Village Weston described in faded manuscript

There was no local historian in village Weston, and for descriptions of what the resort was like in its early days we have to rely on the information given in diaries and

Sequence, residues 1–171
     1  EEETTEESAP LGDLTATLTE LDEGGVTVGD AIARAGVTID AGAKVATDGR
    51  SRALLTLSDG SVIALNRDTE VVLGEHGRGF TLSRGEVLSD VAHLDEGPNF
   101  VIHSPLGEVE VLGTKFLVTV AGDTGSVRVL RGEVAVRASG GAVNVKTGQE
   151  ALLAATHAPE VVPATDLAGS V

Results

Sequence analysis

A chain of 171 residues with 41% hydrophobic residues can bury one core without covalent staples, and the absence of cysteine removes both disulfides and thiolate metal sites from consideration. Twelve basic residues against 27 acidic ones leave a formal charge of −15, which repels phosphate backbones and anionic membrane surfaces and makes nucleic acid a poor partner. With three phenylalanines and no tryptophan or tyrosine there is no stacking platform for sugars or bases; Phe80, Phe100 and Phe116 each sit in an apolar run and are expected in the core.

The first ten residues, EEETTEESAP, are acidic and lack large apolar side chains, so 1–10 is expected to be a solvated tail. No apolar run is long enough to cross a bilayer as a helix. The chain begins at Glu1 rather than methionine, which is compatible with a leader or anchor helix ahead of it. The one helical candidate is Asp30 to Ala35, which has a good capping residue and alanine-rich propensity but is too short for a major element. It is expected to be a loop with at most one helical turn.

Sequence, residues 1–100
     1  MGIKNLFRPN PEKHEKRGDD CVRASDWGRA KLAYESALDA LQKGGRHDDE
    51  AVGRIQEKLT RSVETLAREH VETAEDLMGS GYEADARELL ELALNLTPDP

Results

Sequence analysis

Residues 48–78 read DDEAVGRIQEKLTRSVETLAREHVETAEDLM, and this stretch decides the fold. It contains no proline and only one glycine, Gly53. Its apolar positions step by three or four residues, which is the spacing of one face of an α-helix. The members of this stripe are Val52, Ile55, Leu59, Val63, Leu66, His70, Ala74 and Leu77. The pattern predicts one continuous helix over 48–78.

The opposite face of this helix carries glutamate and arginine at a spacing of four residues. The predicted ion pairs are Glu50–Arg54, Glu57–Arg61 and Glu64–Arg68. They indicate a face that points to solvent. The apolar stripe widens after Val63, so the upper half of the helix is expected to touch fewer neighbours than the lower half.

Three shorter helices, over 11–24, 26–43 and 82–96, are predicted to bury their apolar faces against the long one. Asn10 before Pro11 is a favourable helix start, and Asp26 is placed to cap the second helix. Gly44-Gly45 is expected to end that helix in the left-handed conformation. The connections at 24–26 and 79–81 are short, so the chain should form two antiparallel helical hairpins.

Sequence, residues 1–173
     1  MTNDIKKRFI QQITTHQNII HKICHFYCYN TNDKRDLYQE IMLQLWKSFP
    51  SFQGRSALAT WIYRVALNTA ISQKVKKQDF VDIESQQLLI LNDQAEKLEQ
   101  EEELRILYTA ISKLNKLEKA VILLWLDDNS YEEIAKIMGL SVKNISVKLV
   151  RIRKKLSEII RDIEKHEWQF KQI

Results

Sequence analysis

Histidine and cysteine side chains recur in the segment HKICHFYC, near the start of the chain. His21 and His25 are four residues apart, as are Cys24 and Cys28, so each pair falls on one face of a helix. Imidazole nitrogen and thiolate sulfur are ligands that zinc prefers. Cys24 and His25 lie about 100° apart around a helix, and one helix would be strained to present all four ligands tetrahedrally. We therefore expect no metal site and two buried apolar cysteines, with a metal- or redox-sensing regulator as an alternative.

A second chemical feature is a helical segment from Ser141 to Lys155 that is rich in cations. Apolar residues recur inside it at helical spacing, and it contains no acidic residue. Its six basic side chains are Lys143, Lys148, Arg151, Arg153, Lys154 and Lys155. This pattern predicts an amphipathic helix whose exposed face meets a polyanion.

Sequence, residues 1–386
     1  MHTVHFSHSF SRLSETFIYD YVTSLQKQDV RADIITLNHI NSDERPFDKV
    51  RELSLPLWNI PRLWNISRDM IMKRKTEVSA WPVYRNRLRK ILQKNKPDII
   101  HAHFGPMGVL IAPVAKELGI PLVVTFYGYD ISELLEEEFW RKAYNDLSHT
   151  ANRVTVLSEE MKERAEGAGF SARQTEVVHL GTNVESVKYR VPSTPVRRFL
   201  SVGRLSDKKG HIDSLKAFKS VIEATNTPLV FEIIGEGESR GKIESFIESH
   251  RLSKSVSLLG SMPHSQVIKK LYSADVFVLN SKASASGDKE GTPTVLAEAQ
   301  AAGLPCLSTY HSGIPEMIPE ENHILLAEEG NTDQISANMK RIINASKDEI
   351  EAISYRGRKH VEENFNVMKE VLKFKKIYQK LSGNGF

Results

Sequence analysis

There was no local historian in village Weston, and for descriptions of what the resort was like in its early days we have to rely on the information given in diaries and letters of visitors. Village Weston could not have had much to offer. While its primitive state charmed some visitors, others wrote complainingly about the cart-rutted and stone-riddled tracks that served as roads, and of how when the wind blew they became enveloped in a sandstorm. There was more sand on the beach than today and no sea wall to keep it back. Since there were also sand dunes all along the front, one can well imagine how unpleasant conditions became when it was dry and windy.In 1869 the Mercury published some reflections that a humorous poet penned in 1829. Introducing it a Mercury writer commented: "It must be amusing to those old residents who can remember 50 years past to moralize over the condition of Weston-super-Mare at the time of their youth, and contrast its then rude state with its present beautiful and attractive appearance."Our old friends will recollect the cold, stony hill, without trees or shade of any kind, the unenclosed wastelands, the rugged seaside path, the miserably tortuous roads, the absence of footways, and the few old dilapidated straggling buildings that made up the then little village."It may also be possible that a few may entertain some recollections of the following verses, written we believe 40 years since, by the Rev Eagles (who was a celebrated writer of that day, under the nom de plume the 'Man in the Moon'), as at the time they were written, Weston-super-Mare was just attracting notice as a watering place:PICTURE OF WESTON-SUPER-MAREHouses huddled all together,All exposed to stormy weather.Not a tree or shrub we findThat can shelter from the wind.No regularity is there,No Street, no crescent, lane or square;A terrace walk, no tree to shadePolitely called an esplanade;A country tavern, wines to sellGraced with the name of Plough Hotel;One more by Reeve - a sporting house - A court kept for a market house.One eating house to grease your chops - With here and there some paltry shops.The walks are so beset with stones,A trifling fall would break your bones; and if you wished a ride to takeYou risk the breaking of your neck.There are asses here to ride -Boys for driver at your side - Let and hired by the hour,Some with two legs, some with four.Bathing dresses coarse as sacks,To adorn the ladies' backs.View again to rise your mirth Little Mrs Muggleworth;What between fat, flesh, and boneThis woman weighs near twenty stones - And if you wish her powerful aidShe'll dip man, woman, boy, or maid.Lone food they have, vile hill among,A lovely strand, full three miles long;And when the waves with solemn roarHave reached margin of the shore,although the water is not green'Tis pleasant to behold the scene.Again returning from its flood,It leaves behind it mud! mud! mud!And when a breeze blows o'er the landEach house must have its share of strand.If, when you would a repast makeYour mouth a share of sand must take!I close, lest you may think I slight it,Dear lovely Weston, how do you like it?The Mercury writer of 1869 who introduced this poem to the paper's readers, continued: "It is difficult to our minds to realise the position of the governing powers of our town fifty years since. "Weston then had the magistrates, the way wardens and overseers, and, last, though not least, that substitute for our present board of Commissioners, the real power of the state - the parish constable; who when he met, and had occasion to address one of the great unpaid, reverently doffed his cap and addressed that dignity as 'His Worship'."Then there was the visitor with recollections of Weston in 1839, by which time the railway had arrived, but when it was necessary for people to change trains at the junction."Arriving by train early in winter in the centre of a bleak moor, with a junction to shelter us from the cold and biting wind - the structure resembled nothing so much as an ordinary cow-shed - was, to begin with, not particularly inviting to the Weston visitor."Waiting for at least half-an-hour was no uncommon circumstance at Weston and by no means improved the impression, although it allowed sufficient time for reflection upon the noticeable objects in the neighbourhood. The inevitable windmill on Worle hill, of course came in for its share of admiration, as also did the picturesque Uphill old church."The seaward spur of Mendip Hill (Worlebury) was bare of houses, and with the exception of rabbit warrens, young trees, gorse, and grey rocks, with an occasional pleasant farm house (like that at Ashcombe) there was really nothing to interest the curious visitor."By-and-by came the train from Highbridge, and meeting it was another from Weston, drawn by a pair of miserable horses with broken shins and apparently broken hearts."The short space of ten minutes brought us close upon the town. The day, as I have said, was cold, and the wind high, and I confess the little watering place had a certain bleak and watery appearance that was anything but pleasant or prepossessing."With every gust of wind there came blinding clouds of sand straight from the shore. The few streets that met the eye seemed narrow and contracted, and for long distances together not a soul was to be seen excepting an idle shopkeeper who had ventured to his door to contemplate the outward desolution. 'A fine picture,' I said to myself, 'of a rising watering place!"Some years ago a Birmingham woman who had formerly lived at Weston sent the Mercury several pages of a time-stained manuscript she had found among her father's papers. It recorded his recollections of Weston as he knew it in 1825."An eventful year was 1825," he wrote, "and not the least important among the events was the re-opening of the Parish church, the re-building and restoration of which was completed within that twelve months. For nearly two years previously the weekly services had been conducted in the schoolroom, then situated on the rise of the batch or hill - a locality better known to the present generation as Bristol Road."The first of the new line of Rectors appointed to the living was a Mr. Blackburn. He was a most eccentric gentleman (if eccentric be not too wild a term), and many people attributed his death which took place in 1826, and was most tragic, to this cause."Being out for a row he ordered the boatman to pull the boat through the fishing poles at Birnbeck Island, probably in order to make a shorter cut, and although the man protested strongly, the Rector was determined, and the result was the boat was capsized and sank, with the reverend gentleman in it. The boatman, Harry Mintern by name, saved himself by swimming to the island."There is a memorial to Rector Blackburn in the chancel of the Parish Church. Aaron Fisher, a former day Westonian who was interviewed by the late Ernest Baker, also recalled this tragedy. In his version he said that when the boat capsized the Rector exclaimed to the boatman, "You mind yourself, never mind me."The time-stained manuscript discovered at Birmingham goes on to state: "Knightstone was really an island in those days, and the only approach to it (or to Anchor Head) was by a boat or by a pebble beach which was always covered at high tide. Somewhere about 1826-27 Dr Fox built walls and made a roadway from the island to the house known as Leeve's Cottage."This house, a thatched one, is still to be seen standing at the bend of Knightstone Road, facing the sea. I remember that in 1826 a Mr and Miss Clemons then resided there. The garden of the house contained a great curiosity, which was nothing less than a splendid specimen of the golden eagle kept chained by the leg to a huge block of wood."Up to 1833 there were but four houses between Reeves' Hotel (now the Royal) and Anchor Head. In that year, however, the owners of the land from the Mill to the shore (a Mr Parsley and a Mr Cox) divided it into building lots and soon Weston began to put on a new and improved appearance."The writer also recalled that Weston had a market place on the site of subsequent Market Hall (later the Playhouse) at the end of High Street. He said there was great rejoicing when a wooden roof supported on the sides by stone walls, and by wooden supports in the middle, was provided to give the stallholders shelter. Later the lofty former Market Hall was built."It is universally conceded that one of the greatest charms Weston possesses is the beautiful wooded hill which so effectively shelters the town from the chill northern blasts. But previous to 1825 the now verdure-clad hill, with its wealth of flowery glades, picturesque avenues and bosky dells, was as bleak and bare as that portion of it which frowns upon the villages of Milton and Worle. In that year, however, the then Lord of the Manor had it planted and afterwards replanted.So much then for some memories of old Weston in a time stained manuscript. One wonders how much more fascinating comment on local history lies in old cupboards and drawers awaiting discovery.This article, edited by Jill Bailey, was originally published on May, 1967